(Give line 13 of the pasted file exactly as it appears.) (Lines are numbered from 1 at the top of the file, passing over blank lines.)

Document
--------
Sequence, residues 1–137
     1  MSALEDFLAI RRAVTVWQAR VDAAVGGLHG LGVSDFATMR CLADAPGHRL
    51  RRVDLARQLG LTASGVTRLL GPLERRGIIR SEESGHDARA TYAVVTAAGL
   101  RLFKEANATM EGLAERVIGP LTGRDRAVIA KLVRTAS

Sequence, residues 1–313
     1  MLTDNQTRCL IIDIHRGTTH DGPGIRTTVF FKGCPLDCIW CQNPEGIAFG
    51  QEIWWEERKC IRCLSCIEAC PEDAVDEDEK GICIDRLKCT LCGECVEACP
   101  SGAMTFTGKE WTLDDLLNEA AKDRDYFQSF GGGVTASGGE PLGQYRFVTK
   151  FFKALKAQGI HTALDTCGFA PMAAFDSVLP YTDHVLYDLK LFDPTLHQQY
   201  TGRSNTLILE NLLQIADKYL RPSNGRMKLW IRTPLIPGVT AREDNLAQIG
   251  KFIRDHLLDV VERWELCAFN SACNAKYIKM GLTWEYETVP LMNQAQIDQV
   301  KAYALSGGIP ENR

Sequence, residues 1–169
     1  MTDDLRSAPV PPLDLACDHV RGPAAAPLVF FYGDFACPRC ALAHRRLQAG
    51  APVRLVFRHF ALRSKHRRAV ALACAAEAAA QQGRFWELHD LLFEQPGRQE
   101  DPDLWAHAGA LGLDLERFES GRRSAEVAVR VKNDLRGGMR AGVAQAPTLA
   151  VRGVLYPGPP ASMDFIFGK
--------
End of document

Sequence, residues 1–169